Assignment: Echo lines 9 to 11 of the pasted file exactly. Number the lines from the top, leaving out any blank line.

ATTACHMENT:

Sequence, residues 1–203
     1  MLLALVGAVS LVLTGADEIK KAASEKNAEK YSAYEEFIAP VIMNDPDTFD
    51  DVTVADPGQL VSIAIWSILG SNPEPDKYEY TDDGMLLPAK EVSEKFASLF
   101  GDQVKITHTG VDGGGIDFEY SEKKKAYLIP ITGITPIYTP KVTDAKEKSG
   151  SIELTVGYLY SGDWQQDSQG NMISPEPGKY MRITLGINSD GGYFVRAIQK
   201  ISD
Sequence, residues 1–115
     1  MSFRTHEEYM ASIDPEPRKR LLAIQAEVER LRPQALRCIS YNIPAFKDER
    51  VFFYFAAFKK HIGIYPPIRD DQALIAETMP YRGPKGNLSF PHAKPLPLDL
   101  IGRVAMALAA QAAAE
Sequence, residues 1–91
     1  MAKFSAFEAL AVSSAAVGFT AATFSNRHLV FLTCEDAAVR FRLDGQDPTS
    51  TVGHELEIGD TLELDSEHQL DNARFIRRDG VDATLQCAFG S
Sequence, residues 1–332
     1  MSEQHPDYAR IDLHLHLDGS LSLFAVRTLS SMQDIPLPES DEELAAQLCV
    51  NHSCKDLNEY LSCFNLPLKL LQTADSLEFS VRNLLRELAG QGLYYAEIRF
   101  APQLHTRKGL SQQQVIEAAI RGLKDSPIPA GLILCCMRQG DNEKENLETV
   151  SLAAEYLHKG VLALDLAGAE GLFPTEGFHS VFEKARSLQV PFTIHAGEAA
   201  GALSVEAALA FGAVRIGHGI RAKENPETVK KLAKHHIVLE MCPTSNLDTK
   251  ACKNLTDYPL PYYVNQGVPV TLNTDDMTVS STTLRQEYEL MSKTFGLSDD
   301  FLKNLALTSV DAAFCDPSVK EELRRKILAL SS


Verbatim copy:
    51  VFFYFAAFKK HIGIYPPIRD DQALIAETMP YRGPKGNLSF PHAKPLPLDL
   101  IGRVAMALAA QAAAE
Sequence, residues 1–91